Low-fat or low-lipid vegan diets were reported to be beneficial in improving outcomes in people with migraine.[51,52] An omega-3 polyunsaturated fatty acid and eicosapentaenoic acid-rich diet resulted in lower prevalence of severe headache or migraine.[55] An earlier RCT also reported that a high omega-3 and low omega-6 fatty acid diet leads to the reduction of headache days, frequency and pain in people with chronic headaches.[66] Ketogenic[54] and low-glycemic index[50] diets have also been reported to be beneficial in certain people with migraine.[67] The benefit of these diets was expected given that earlier studies have reported a significant correlation between obesity and migraine headache[68,69] and avoiding unhealthy food has led to better outcomes in people with migraine. Data do not support the use of one of these diets over another in people with migraine, but comorbidities such as diabetes, hypertension, and cardiovascular diseases may be considered, while recommending a specific diet. Also, physicians may consider recommending these diets for a specific duration to enable optimal benefit, while avoiding nutritional deficiencies. Furthermore, compliance with the dietary recommendations would be crucial to achieve better outcomes.

Elimination of specific foods, such as wheat, orange, egg, caffeine, cheese, chocolates, and milk, from a person's diet was found to be associated with a reduction in the frequency, onset, and severity of migraine attacks.[60] The findings were similar to a prior study which reported a decrease in headache frequency in people with migraine who had an elimination diet based on positive skin prick test for food allergens.[9] However, an earlier review reported that the widespread belief of avoiding chocolates and cocoa products in migraine is not supported by robust scientific literature.[70] The IgG-based elimination diet was associated with a significant reduction in attack duration and number and severity of attacks, and the number of headache days in some people with migraine.[57,58,61]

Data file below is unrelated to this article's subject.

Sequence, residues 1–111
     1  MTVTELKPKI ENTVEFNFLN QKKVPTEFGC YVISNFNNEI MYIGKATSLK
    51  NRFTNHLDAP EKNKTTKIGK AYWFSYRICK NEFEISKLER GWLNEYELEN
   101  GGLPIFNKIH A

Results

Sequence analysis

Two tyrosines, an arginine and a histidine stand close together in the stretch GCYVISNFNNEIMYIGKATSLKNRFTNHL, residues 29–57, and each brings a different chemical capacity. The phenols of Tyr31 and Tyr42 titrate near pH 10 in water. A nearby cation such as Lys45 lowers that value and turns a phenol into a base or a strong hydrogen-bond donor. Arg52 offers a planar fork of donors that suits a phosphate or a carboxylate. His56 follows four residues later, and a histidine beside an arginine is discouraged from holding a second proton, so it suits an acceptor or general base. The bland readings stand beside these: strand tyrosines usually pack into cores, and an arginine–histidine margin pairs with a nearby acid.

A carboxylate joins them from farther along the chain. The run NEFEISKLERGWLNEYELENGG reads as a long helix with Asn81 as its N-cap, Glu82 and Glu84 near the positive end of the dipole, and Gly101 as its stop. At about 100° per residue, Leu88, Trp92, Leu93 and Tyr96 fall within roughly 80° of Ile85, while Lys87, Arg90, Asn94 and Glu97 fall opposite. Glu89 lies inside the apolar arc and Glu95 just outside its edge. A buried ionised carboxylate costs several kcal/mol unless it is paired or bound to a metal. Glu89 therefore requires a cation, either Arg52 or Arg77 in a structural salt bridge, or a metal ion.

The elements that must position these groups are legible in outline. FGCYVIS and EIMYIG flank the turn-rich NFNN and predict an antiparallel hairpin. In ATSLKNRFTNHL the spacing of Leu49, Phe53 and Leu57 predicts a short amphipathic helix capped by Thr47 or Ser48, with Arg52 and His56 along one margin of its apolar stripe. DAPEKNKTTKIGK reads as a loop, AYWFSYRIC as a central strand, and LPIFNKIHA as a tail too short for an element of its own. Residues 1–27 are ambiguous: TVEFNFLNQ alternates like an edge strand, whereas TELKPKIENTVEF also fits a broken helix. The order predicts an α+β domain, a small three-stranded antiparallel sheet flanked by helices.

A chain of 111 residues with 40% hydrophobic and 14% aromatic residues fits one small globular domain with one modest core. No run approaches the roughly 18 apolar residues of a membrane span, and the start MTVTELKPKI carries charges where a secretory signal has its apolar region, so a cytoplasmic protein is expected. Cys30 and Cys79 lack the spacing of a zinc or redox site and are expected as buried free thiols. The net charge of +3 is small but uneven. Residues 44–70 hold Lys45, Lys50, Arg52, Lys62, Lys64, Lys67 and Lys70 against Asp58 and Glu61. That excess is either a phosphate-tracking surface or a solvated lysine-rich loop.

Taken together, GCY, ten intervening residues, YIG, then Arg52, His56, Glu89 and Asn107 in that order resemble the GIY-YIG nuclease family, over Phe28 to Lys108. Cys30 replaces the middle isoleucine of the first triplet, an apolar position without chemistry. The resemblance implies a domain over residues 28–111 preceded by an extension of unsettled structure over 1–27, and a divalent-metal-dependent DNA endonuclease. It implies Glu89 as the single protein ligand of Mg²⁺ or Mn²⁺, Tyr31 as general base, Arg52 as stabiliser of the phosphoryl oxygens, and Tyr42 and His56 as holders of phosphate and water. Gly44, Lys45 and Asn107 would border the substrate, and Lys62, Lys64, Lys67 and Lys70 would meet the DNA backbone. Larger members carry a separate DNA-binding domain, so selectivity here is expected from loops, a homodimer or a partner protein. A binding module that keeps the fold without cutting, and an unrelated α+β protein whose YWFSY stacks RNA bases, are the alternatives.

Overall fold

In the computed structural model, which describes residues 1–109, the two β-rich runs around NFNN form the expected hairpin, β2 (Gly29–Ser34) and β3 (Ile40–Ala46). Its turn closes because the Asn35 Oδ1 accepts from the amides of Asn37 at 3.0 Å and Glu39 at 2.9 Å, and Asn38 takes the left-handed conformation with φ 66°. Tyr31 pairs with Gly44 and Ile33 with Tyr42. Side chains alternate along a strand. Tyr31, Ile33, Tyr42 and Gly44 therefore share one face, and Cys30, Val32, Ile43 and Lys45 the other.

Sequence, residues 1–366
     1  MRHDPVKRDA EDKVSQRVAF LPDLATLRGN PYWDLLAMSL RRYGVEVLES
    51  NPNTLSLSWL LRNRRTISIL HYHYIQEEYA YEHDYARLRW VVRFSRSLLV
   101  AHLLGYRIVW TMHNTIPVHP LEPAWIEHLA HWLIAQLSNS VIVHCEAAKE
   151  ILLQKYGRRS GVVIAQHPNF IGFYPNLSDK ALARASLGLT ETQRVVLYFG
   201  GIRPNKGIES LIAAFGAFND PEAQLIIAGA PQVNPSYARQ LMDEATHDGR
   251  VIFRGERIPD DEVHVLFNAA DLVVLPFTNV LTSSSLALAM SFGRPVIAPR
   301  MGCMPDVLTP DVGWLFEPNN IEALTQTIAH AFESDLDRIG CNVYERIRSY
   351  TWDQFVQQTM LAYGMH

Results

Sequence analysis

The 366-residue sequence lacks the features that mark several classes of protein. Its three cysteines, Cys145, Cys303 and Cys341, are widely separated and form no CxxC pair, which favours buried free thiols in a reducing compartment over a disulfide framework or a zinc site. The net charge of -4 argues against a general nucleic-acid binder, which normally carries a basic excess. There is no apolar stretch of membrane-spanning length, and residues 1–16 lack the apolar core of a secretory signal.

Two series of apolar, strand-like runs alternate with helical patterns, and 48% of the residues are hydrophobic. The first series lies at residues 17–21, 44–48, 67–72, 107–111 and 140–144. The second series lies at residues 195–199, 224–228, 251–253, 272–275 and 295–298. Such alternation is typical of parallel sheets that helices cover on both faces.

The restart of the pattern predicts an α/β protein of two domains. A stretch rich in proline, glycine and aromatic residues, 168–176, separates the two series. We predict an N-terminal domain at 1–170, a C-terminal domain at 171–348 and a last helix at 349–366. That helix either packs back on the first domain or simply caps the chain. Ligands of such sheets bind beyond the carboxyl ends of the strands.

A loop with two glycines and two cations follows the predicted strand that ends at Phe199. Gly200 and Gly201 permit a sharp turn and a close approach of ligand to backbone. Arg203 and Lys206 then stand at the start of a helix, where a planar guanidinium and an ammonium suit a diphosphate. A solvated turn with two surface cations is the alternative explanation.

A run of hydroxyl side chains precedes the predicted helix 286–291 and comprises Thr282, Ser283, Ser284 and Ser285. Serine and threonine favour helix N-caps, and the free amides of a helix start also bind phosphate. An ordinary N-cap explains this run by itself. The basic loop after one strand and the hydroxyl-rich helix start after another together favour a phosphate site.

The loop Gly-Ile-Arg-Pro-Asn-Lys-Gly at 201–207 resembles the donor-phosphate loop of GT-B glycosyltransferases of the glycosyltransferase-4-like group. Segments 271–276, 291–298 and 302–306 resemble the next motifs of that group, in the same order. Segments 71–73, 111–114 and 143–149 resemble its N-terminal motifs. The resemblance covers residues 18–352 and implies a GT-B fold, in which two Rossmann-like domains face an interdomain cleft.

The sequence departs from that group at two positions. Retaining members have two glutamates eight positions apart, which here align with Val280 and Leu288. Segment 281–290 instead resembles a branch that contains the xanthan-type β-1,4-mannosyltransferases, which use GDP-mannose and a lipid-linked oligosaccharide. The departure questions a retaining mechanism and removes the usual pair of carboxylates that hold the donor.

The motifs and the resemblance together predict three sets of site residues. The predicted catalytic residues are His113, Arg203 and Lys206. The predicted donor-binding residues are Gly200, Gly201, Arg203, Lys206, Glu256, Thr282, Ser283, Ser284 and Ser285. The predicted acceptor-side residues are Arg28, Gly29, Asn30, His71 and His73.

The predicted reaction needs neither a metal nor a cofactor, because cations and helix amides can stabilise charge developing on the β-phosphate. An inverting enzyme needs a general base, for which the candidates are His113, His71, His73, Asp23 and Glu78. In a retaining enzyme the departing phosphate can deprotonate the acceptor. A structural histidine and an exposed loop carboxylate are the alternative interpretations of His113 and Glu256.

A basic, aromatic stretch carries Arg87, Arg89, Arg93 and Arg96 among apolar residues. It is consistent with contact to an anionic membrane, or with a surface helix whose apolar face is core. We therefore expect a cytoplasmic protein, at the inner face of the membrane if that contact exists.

Overall, preliminary evidence from some RCTs suggest that people with migraine may benefit from low-fat, low-lipid diet, ketogenic diet, or elimination diet of IgG-positive foods; however, an individualized approach to these dietary interventions may be needed. Furthermore, more long-term studies involving large samples examining the effect of diet interventions are needed to see if there is a place for diet in migraine management guidelines.

The studies included in this review were conducted on varied patient populations with different study designs. Most studies were cross-sectional and therefore, not designed for identifying causal relationships between migraine and possible diet-related triggers or diet patterns. The overall study quality of the observational studies was poor to medium. Most studies were point-in-time patient surveys or questionnaires with limited conclusions and were susceptible to recall bias. In addition, none of the observational studies involved blinding and very few discussed power or confounding. There is limited evidence from high-quality RCTs that assessed the effect of diet intervention on migraine. Overall, there were very few studies that lasted longer than 12 weeks, so the long-term effectiveness of the diet interventions included in the review remains unknown. Furthermore, the studies were completed in a wide variety of countries from Europe, Asia, and the United States. This made comparisons between studies difficult due to cultural and religious variations among different countries. Our review included adults with migraine and was focused on studies published in or after the year 2000; however, reviews assessing data in migraine and other types of headaches have reported similar findings.[6,71] Despite these limitations, the individual studies identified in this review suggest that certain dietary factors can act as triggers. The review presents a body of evidence on the beneficial effect of diet interventions, which may aid clinicians in developing a holistic management plan for people with migraine. Longitudinal and high-quality RCTs and longer-term studies are needed to confirm the preliminary results reported by various studies on the effect of diet in migraine.